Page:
Most federal benefits are exempt from garnishment by most creditors. The exemption protects the federal benefit at its source, the pertinent check-issuing agency of the federal government, and after the funds are deposited into a bank account or onto a debit card. Exempt means the federal benefits cannot be garnished or intercepted by the creditor or debt collection agency before or after the benefit reaches the employee or recipient.
Exempt Federal Benefits
Not all federal benefits are exempt, but many are. Here’s the standard litany of exempted benefits, though if yours is not listed, be sure to inquire from the federal department responsible for providing the benefit:
- Social Security Benefits
- Civil Service and Federal Retirement and Disability Benefits
- Supplemental Security Income (SSI) Benefits
- Military Annuities and Survivors’ Benefits
- Merchant Seamen Wages
- Service Members’ Pay
- Veterans’ Benefits
- Student Assistance
- Railroad Retirement Benefits
- Longshoremen’s and Harbor Workers’ Death and Disability Benefits
- Foreign Service Retirement and Disability Benefits
- Compensation for Injury, Death, or Detention of Employees of U.S. Contractors Working Outside the United States
- Federal Emergency Management Agency Federal Disaster Assistance
Exceptions to Exempt Federal Benefits
Garnishment orders arising from consumer loans, unpaid medical bills, real estate debt and basically any kind of personal liability are all unenforceable against the aforelisted federal benefits. However, federal law declines to recognize these exemptions for certain debts.
When a garnishment order seeks to collect such debts as below, the exemption is off:
For these debts, garnishments at the source or from a bank account can be accomplished by following the normal garnishment procedure.
But that doesn’t mean the debtor should sit back passively and let it happen. Federal and state law protections and limitations may still apply, either prohibiting the garnishment altogether, or limiting its scope. These must normally be asserted by filing responsive paperwork in a timely manner, or requesting and attending a court hearing.
For example, Social Security benefits are limited to 15% of a levy to collect delinquent taxes. The first $750 of monthly federal benefits for non-tax debts cannot be touched at all by garnishment. Lump-sum death and Social Security benefits for children are even exempt from the 15% tax limitation.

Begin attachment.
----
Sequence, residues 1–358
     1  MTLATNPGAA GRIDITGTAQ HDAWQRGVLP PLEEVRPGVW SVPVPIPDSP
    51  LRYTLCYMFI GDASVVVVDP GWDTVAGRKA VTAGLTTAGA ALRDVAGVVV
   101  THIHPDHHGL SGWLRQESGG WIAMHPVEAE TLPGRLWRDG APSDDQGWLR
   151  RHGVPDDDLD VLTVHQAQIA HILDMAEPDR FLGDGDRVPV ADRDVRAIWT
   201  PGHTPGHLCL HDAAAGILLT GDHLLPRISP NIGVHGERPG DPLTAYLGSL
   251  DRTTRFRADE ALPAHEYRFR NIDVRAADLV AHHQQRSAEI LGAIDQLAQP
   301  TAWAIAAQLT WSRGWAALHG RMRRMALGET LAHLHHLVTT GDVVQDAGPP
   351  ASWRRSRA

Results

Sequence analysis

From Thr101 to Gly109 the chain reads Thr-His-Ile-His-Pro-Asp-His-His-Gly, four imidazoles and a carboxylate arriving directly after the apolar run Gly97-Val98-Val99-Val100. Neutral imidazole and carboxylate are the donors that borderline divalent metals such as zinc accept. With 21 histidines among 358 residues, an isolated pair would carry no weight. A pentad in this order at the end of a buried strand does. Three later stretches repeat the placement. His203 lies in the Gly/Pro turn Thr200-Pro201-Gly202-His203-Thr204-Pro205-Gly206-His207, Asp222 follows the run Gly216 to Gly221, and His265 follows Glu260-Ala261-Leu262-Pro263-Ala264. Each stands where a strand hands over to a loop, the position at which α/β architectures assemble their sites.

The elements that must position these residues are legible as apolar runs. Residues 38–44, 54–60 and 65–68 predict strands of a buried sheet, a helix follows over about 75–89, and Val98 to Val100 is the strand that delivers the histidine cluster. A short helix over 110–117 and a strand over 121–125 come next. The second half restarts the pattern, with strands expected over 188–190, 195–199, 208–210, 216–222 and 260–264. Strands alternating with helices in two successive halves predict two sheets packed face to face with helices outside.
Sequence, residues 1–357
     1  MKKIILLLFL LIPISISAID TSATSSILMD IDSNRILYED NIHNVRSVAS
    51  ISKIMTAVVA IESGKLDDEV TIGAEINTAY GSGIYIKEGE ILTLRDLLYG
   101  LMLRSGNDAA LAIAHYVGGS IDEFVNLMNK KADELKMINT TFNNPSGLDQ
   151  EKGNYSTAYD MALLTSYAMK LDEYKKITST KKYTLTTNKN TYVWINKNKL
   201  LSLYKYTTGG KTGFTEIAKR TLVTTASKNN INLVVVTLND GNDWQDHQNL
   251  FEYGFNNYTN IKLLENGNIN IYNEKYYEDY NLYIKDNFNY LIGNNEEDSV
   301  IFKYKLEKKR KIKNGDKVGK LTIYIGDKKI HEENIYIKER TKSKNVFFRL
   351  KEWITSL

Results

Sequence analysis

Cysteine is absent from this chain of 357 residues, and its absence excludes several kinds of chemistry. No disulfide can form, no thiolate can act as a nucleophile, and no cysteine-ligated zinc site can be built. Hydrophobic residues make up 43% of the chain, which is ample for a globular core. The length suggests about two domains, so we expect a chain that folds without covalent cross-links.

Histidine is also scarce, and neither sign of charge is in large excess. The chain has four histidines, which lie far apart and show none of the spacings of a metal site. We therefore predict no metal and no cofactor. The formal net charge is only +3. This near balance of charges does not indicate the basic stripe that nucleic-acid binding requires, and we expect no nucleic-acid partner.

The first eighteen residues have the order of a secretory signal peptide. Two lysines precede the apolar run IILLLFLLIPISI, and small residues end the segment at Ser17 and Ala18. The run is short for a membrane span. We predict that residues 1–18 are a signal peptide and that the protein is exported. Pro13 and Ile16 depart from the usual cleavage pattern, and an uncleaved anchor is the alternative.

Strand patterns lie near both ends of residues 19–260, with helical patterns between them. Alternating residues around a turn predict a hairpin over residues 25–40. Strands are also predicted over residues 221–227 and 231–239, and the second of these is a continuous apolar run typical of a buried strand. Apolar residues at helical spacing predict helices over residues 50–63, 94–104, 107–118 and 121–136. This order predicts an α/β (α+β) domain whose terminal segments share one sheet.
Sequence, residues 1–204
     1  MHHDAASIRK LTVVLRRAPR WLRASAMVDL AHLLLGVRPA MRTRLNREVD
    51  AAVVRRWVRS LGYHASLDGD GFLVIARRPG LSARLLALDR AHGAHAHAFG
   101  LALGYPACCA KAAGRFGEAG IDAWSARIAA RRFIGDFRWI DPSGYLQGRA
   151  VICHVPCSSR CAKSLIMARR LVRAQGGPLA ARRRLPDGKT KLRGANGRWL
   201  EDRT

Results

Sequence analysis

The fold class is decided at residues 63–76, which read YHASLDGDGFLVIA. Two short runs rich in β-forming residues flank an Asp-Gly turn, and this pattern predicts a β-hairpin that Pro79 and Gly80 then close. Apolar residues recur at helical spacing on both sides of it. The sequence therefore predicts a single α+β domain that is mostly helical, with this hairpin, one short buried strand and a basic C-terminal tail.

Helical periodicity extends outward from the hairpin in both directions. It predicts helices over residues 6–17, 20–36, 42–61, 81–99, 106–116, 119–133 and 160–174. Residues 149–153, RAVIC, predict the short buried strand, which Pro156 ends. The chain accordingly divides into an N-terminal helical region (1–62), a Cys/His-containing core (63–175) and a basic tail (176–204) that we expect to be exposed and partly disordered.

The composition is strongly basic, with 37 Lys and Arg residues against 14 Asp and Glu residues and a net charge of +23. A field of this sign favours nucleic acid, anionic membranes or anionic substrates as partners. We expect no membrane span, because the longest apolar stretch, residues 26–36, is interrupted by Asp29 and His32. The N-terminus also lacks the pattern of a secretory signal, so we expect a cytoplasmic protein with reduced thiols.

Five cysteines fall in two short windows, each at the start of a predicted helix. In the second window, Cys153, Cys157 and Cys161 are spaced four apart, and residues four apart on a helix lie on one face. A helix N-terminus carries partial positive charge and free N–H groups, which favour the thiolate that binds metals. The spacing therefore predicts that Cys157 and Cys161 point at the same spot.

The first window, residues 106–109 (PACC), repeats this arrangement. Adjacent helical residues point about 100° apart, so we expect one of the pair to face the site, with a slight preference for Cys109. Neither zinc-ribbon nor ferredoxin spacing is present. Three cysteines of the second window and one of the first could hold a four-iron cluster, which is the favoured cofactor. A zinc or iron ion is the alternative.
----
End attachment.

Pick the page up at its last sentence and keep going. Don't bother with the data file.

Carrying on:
At the state level, child support and alimony garnishment orders are presented via the national Court Ordered Garnishment System. Here the amount subject to garnishment depends on the state where the employee or recipient lives. Garnishments are then capped by the maximum amount allowed by that state’s laws, or the maximum amount allowed by the federal Consumer Credit Protection Act (75% of disposable income or 30 times minimum wage, whichever is greater).
Responding to a Garnishment Order
If a creditor unadvisedly seeks to garnish a protected federal benefit directly from the federal government, the government agency involved will quickly notify the creditor in no uncertain terms that the benefit is exempt. The employee or recipient generally need not do anything to protect the benefit, as processes have long been in place to protect it. It is a different story if the creditor instead seeks to garnish the employee or recipient’s bank account.
Until a few years ago, financial institutions – banks, credit unions, and like – would simply freeze an account when served with a garnishment order, and then let the creditor and account holder sort it out before the court. This practice created great hardship for many federal benefit recipients, as the court process was often a slow and tortuous one.
That changed several years ago with the issuance by the federal Treasury Department of what is now called “The Final Rule.” In short, this Rule requires the bank to identify and add up all the protected federal benefits directly deposited into the account over the previous 60 days, and keep those funds available to the account holder. If the balance has fallen below that sum, then the entire balance must remain unfrozen.
For federal benefits deposited into an account indirectly, such as by transfer from another account, check or debit card, the employee or recipient of the federal benefit must timely request a court hearing to challenge the garnishment order. At the court hearing, evidence that the account being garnished contains protected federal funds must be presented to the court.
All said, things can get very complicated very fast. Seeking assistance from free online resources, legal aid, and calling the federal benefits departments involved, is always a smart move.
Treasury Department Final Rule Letter: http://www.aba.com/Issues/Index/Documents/ABA%20-%20Summary%20of%20Garnishment%20Rule%20-%20May%20%202013.pdf